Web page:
Bringing Nima to Vanderbilt: Making the Campus Safer for Students with Food Allergies
Valerie is a Nima College Ambassador studying at Vanderbilt University in Nashville, Tennessee. Valerie has been a leader in allergy advocacy work for young adults since being diagnosed with celiac disease in 2015.
Vanderbilt University has always strived to have a world-class allergy program. From AllerTrained chefs to a special meal ordering program, and even a top 8 allergen-free cafe, students with allergies or Celiac Disease have near-limitless options at Vanderbilt.
Vanderbilt’s recent partnership with Nima is yet another step Vanderbilt is taking to better the safety and security of students with food allergies.
I have been a Nima user since January of 2018. As I first began to use the sensor, I often talked with Vanderbilt Dining about bringing Nima to campus. I thought Nima would be a great way to give students with allergies peace of mind. In the Fall of 2018, Vanderbilt officially partnered with Nima, bringing both the peanut and gluten sensors to our four main dining halls.
I had the honor of training the Vanderbilt chefs and managers on how to use the Nima. One of the main things I wanted to highlight was Nima’s sensitivity. Starting with a control sampled of pre-packaged gluten-free bread, I demonstrated the size of the sample, how to load the capsule, and the overall testing process. After the gluten-free bread test resulted in a smiley-face, I wanted to show the dining team the different ways that Nima could register cross contamination.
First, we started by adding a crouton to a gluten-free soup and then testing the soup. Of course, the Nima picked up that it was not gluten-free and displayed the wheat symbol. For another test, we took a saltine cracker and rubbed it on some broccoli, and then put the broccoli in the sensor. Once again, the Nima was able to detect the gluten. Finally, we had a chef crumble saltine crackers in his hands and brush the crumbs away. Then, using his contaminated hands, he tested a sample of gluten-free food, resulting in a wheat symbol. The Vanderbilt allergy team was incredibly impressed with the Nima sensor’s accuracy, and they were implemented in our four dining halls the following week.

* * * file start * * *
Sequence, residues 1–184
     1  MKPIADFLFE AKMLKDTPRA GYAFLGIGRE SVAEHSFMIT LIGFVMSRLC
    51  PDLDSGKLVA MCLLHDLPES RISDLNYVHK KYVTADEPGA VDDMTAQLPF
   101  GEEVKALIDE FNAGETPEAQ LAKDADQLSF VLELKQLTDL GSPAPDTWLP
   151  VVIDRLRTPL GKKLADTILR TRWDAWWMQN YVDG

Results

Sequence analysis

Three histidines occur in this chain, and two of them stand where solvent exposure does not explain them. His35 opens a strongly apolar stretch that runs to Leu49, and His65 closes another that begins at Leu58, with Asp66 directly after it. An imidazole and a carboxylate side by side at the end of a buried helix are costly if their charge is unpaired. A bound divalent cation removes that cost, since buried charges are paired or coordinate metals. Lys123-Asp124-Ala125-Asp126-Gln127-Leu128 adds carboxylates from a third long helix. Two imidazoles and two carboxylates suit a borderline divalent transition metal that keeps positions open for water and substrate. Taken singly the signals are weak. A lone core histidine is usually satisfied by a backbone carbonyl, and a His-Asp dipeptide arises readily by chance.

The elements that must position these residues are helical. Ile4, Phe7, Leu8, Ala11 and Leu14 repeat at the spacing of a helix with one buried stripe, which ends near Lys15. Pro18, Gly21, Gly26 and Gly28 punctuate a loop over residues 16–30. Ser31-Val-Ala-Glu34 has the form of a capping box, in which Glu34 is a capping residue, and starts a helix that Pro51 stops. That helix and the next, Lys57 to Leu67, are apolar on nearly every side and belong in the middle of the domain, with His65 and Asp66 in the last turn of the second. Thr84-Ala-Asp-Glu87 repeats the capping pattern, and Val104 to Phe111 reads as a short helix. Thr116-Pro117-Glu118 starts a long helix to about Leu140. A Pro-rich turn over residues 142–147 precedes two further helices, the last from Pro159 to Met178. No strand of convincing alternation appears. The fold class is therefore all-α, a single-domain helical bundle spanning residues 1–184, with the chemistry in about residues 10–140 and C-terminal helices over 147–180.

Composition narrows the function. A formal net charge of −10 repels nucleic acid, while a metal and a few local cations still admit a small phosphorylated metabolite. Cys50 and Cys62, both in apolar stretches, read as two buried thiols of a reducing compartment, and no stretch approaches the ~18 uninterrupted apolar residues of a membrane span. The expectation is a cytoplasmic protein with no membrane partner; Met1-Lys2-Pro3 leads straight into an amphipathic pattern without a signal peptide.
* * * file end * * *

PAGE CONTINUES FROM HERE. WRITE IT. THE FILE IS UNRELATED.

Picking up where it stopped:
Since the Nima’s start at Vanderbilt, we’ve had a huge success. When a student with a peanut or gluten allergy orders a meal as part of Vanderbilt’s allergen meal ordering system, the meal is prepared separately to be free of cross-contamination and is then tested with Nima. This testing occurs before the student even arrives in the dining hall to ensure that as soon as the student walks up, they can take their certified-safe meal. However, students who want an extra verification can also run an additional Nima test on their meal when they arrive at the dining hall.
This has been remarkably impactful, not only for my own dining experience, but for all of the students with food allergies who benefit from another safeguard in place. As a college student, it can be scary to have to put your trust in someone else for 3 meals a day, 7 days a week. Having the Nima to scientifically validate the safety of meals truly brings peace of mind.
I’m endlessly grateful to the Vanderbilt dining team and all of the individual chefs and managers for taking the time to understand the Nima sensor, undergo Nima training, and for continuing to do everything in their power to ensure the safety and security of students with food allergies.
To be able to walk into the dining hall and know that, not only has my meal been prepared free of cross-contamination by a trained and dedicated allergy team, but that it has already been verified and tested as gluten-free with Nima, is invaluable, and something that I am thankful for every day.
I’m able to enjoy my dining experience with the safety and peace of mind of any other college student, and I owe all of that to Nima and Vanderbilt’s phenomenal dining program.
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